At the time Chris was there in the mid 1960's, Gornja Morača Tribe numbering 1800 people lived isolated at the headwaters of the Morača River seven hours by foot from the nearest road.
Firewood had to be brought from far away on foot. This was usually women's job.
The Gornja Morača area is a karst country. Arable land is scarce and fields are small. In the 60's these fields were still worked in the same way they had been worked since medieval time.
At home babies slept swaddled in wooden cots.
Life in villages in Gornja Morača in 1960's involved a lot of hard work outside of the house done by both men and women. If a mother had to go out and do some work, like get water from a well o firewood from a forest (or both) the baby was carried around on their mother's back.
People from Gornja Morača kept small flocks of sheep. The flocks grazed on high mountain pastures which were exposed to extreme weather conditions year round.
The sheep were of the type Pivska pramenka, a long tailed coarse wool, typical mountain breed, well adapted to severe conditions of rearing
Horses were used for transport. They belonged to a local hilly horse breed, tough animals used to hard mountain terrain and harsh climate.
106 years old man from Gornja Morača in front of his house. He insisted on changing into his "burial clothes", traditional local dress, before being interviewed by the anthropologist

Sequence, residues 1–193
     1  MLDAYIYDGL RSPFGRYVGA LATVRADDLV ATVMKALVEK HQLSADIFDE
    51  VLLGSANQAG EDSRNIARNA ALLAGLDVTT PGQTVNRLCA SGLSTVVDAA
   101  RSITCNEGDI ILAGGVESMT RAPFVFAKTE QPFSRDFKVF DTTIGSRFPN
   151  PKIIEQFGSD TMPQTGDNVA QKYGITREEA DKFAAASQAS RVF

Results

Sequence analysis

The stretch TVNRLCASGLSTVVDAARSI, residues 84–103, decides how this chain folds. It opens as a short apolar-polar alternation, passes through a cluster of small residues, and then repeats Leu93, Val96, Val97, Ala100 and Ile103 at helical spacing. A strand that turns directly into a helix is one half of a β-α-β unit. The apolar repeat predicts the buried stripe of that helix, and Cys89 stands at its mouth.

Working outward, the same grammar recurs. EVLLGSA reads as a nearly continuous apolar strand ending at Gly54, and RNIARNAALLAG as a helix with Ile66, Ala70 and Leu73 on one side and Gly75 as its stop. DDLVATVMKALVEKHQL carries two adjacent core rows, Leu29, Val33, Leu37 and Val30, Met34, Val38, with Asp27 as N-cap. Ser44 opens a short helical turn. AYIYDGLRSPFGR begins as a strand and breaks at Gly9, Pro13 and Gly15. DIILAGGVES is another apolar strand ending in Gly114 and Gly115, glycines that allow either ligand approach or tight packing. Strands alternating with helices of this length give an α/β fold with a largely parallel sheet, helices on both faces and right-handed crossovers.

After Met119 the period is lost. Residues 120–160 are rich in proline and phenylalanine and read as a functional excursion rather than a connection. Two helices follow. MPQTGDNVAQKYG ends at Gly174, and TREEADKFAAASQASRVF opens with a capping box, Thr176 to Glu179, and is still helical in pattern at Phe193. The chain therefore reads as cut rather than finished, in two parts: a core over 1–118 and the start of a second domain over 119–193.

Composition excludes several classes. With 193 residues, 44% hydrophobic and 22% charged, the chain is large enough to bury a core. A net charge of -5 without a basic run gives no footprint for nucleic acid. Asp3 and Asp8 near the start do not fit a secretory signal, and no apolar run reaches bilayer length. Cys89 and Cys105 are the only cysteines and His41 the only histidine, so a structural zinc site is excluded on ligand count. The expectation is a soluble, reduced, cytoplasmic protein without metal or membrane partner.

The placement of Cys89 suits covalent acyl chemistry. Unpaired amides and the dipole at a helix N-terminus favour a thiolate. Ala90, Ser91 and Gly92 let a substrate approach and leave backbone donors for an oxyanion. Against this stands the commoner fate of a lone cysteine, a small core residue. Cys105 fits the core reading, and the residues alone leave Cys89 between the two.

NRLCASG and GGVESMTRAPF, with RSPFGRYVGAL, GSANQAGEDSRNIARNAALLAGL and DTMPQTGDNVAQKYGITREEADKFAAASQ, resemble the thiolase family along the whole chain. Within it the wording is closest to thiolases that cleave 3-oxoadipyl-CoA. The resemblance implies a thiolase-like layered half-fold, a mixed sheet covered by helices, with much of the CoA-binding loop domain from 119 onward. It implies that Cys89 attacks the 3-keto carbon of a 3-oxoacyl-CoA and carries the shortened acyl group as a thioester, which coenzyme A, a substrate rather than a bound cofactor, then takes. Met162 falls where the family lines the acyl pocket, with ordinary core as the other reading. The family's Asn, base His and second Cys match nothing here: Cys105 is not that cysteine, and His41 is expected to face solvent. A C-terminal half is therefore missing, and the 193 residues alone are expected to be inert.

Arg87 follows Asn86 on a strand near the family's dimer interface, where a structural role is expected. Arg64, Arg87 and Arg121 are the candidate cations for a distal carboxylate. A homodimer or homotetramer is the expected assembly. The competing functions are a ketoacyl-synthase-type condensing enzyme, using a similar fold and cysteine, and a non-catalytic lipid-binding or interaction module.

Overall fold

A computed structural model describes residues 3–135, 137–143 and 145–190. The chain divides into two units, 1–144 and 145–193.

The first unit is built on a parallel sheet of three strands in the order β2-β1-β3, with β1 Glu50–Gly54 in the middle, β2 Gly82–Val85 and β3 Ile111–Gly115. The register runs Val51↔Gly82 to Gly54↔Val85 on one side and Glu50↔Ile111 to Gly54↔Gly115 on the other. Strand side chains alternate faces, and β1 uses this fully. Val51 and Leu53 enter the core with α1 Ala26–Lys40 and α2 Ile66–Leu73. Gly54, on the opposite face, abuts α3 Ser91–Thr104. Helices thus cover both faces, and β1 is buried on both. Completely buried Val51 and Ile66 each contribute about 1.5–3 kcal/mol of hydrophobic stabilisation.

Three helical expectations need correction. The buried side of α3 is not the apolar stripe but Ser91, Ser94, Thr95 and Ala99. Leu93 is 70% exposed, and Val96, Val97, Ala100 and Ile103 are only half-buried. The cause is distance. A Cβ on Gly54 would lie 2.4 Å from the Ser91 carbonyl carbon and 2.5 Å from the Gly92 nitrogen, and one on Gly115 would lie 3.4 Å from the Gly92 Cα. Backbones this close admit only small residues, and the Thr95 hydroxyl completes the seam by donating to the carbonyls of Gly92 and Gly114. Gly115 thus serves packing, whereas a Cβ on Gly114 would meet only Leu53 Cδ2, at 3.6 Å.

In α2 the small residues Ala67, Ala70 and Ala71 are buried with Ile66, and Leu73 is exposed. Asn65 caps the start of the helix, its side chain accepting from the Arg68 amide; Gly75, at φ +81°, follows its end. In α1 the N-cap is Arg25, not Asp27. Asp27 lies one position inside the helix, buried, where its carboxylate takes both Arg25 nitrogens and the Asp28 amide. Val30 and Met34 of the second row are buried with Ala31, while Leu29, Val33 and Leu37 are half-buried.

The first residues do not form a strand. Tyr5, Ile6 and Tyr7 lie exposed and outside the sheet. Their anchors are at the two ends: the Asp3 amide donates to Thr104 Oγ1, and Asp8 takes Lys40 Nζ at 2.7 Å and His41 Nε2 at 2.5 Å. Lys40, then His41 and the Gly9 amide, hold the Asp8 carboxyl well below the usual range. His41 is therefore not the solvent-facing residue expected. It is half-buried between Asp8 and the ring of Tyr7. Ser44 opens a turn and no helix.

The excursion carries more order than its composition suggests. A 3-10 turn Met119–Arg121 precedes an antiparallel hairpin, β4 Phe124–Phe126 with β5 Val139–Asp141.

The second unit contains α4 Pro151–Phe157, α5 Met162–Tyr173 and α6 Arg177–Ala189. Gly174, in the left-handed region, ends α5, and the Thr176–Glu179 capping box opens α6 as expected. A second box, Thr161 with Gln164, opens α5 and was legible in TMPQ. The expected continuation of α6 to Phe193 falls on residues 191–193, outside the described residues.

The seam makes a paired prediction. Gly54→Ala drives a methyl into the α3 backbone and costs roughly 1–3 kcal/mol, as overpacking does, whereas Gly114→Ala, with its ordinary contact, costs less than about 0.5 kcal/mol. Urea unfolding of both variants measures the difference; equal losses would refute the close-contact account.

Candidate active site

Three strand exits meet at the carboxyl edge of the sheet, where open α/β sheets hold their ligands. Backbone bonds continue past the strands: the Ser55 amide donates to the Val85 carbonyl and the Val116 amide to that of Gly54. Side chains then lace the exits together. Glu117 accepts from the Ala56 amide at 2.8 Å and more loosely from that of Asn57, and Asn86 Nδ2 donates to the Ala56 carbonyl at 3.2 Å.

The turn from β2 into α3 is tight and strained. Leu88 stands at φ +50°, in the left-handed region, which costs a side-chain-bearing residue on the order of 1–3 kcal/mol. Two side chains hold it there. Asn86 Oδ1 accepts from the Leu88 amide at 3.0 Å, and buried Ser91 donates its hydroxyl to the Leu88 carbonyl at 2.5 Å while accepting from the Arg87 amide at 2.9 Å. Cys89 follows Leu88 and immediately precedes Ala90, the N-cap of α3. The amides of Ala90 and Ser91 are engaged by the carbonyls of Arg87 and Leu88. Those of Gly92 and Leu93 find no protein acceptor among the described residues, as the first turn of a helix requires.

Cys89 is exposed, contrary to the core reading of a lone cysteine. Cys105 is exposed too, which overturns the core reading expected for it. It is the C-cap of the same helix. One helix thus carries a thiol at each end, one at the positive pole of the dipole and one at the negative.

In 1960's, a typical house from Gornja Morača was a single room stone hut covered with wooden slates.
The centre of the house was open hearth like this one used for heating and cooking.
When the walls of a new house were built Gornja Morača, just before the roof work began, a lamb was sacrificed on top of the wall to ensure that the house would stand for a long time.
Local church was the focal point of the Gornja Morača community. All important tribal events took place on the plateau in front of the church. Oro (traditional circle dance) was often part of the event.
Tribal graveyard is located on a hill top overlooked by high mountain peaks. The ancient oak in the middle of the graveyard is considered sacred. Cutting it or any part of it is considered sacrilegious. Even collecting naturally fallen branches is forbidden.
The graveyard is very old and has many ancient tombstones of unknown age.
It is the isolated communities like this one that have preserved some of the oldest cultural traits in Europe. No wonder considering that they were literally living hidden from the rest of the world in the land above the clouds...
Beautiful and fascinating.ReplyDelete